Blade Runner

August 3, 2012

I don’t think I’ll ever quite get over my sense of disappointment upon walking out of the first screening of Blade Runner at the Cinerama theater in 1982. Expectations were high, of course, so maybe disappointment was understandable.

But a second viewing confirmed my feeling, and even a decade’s worth of growing cult appreciation hasn’t changed my mind. Among other things, I thought the movie was a comedown from a rather brilliant science fiction novel, Do Androids Dream of Electric Sheep? by Philip K. Dick.

To be fair, the Blade Runner released in 1982 was a compromised film. Over the objections of director Ridley Scott and star Harrison Ford, voiceover narration was added to the movie, as well as an absurd happy ending. Those were two of the worst elements of the film. In fact, Ford spoke the narration so poorly that I always wondered whether he was deliberately tanking it.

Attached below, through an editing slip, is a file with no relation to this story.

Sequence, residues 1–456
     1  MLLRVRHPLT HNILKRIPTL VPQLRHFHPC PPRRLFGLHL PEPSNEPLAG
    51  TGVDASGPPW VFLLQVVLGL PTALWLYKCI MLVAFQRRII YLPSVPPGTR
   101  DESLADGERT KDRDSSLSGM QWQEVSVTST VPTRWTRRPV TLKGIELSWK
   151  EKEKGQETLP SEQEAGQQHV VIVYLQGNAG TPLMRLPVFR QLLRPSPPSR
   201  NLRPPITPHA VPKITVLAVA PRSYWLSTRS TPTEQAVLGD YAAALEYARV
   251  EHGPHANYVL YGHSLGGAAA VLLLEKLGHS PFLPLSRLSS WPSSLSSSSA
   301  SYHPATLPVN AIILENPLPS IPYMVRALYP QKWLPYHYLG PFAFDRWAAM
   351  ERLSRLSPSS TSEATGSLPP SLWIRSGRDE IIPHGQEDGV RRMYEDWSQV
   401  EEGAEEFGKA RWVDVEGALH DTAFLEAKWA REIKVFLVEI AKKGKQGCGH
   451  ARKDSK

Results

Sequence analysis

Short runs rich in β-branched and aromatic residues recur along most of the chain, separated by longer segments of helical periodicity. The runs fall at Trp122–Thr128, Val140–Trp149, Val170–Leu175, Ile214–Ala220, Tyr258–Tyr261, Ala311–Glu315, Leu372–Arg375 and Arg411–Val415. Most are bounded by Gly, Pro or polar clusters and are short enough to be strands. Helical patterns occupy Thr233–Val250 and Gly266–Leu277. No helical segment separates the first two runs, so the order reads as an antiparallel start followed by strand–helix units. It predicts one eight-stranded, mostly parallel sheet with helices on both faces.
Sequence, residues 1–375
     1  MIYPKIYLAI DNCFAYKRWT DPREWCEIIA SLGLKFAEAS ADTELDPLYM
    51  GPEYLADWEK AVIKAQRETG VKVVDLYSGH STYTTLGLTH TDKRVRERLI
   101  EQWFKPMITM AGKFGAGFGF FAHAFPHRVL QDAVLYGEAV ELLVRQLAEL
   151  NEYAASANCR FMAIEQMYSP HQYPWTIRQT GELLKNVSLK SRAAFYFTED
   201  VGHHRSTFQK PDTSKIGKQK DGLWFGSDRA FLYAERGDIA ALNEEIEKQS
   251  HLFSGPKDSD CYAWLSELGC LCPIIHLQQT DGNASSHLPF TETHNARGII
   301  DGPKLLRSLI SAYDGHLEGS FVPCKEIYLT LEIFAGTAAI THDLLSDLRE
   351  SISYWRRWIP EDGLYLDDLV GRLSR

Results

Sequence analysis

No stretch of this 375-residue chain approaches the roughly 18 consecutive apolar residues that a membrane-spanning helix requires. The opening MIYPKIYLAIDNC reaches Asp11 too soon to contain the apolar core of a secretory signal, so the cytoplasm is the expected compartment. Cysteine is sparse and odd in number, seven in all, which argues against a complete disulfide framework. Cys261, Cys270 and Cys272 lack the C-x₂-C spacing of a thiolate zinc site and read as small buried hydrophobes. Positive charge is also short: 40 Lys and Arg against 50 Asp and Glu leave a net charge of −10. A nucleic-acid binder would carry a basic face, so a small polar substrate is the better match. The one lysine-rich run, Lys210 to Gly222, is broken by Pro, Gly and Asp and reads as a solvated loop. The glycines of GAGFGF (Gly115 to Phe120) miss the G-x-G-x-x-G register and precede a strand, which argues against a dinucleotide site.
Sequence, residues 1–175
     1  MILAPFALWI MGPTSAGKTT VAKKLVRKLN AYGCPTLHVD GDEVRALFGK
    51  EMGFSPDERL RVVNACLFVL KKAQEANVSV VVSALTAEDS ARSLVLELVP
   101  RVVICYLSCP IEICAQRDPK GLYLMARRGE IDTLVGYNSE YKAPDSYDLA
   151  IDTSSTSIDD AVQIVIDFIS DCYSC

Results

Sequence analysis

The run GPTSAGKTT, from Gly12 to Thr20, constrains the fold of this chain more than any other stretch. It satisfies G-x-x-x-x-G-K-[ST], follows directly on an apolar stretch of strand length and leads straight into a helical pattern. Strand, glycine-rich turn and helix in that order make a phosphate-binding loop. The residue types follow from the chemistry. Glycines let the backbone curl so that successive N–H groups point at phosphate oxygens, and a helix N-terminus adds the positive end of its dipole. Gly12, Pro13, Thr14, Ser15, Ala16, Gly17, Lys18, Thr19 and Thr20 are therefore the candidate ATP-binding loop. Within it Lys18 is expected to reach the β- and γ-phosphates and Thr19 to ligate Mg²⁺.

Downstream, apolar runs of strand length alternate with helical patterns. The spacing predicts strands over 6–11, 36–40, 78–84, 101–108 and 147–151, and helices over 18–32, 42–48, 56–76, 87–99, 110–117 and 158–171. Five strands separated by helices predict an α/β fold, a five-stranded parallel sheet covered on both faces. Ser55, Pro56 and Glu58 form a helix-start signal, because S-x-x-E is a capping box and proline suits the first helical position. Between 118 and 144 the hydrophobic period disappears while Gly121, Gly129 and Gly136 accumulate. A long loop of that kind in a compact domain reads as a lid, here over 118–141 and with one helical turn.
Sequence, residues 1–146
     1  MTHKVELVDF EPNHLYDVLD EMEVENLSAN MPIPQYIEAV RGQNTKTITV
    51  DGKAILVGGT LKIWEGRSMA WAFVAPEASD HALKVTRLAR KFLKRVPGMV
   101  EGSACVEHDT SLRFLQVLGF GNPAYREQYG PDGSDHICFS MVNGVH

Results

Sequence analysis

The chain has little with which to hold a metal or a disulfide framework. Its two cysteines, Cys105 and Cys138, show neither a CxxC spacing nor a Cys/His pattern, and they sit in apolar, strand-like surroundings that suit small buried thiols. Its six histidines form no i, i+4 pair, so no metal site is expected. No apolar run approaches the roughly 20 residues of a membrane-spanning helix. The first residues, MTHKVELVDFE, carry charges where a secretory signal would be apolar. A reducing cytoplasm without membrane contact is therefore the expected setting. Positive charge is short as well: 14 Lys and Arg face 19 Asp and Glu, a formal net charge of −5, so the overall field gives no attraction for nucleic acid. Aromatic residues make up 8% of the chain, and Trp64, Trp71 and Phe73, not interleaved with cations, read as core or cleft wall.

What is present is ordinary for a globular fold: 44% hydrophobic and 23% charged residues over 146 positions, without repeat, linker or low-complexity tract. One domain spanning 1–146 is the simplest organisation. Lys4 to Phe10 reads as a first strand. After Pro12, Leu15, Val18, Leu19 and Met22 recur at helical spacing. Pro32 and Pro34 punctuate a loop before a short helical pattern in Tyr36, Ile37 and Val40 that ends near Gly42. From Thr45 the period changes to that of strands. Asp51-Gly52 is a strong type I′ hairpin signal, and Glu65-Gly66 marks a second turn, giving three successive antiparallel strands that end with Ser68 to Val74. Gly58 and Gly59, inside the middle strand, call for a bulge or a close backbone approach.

Now the film has been recut by Scott, who has subsequently made Thelma & Louise and Black Rain and the upcoming 1492: Conquest of Paradise. Scott persuaded Warner Bros. to let him yank the narration and lop off the happy ending, as well as perform some minor tinkering. (I believe there’s a brief dream shot of a white unicorn that’s been reinstated.)

It’s a better movie. The cutting of the stupid narration makes the film seem denser and more disorienting, which was probably why the studio wanted it inserted. And the nicely ambiguous ending is a huge improvement over the tacked-on finish of the 1982 release.

Scott shows a certain grand disdain for ordinary storytelling in Blade Runner. In simplest terms, the movie is about a hired gun (Ford) who goes out to exterminate some replicants—that is, humanoid robots—who are running loose. The replicants are trying to get to the head (Joe Turkel) of the megacompany that built them, to discover how they can extend their intentionally short life spans.

The replicants are beautifully played by Rutger Hauer, Daryl Hannah, Joanna Cassidy, Brion James, and nonrenegade Sean Young. The movie teases around some basic ideas about what it is to be human, especially in Hauer’s climactic speech about the false “memories” he’s been programmed with, and how they are doomed to inevitably vanish—”like tears in the rain.”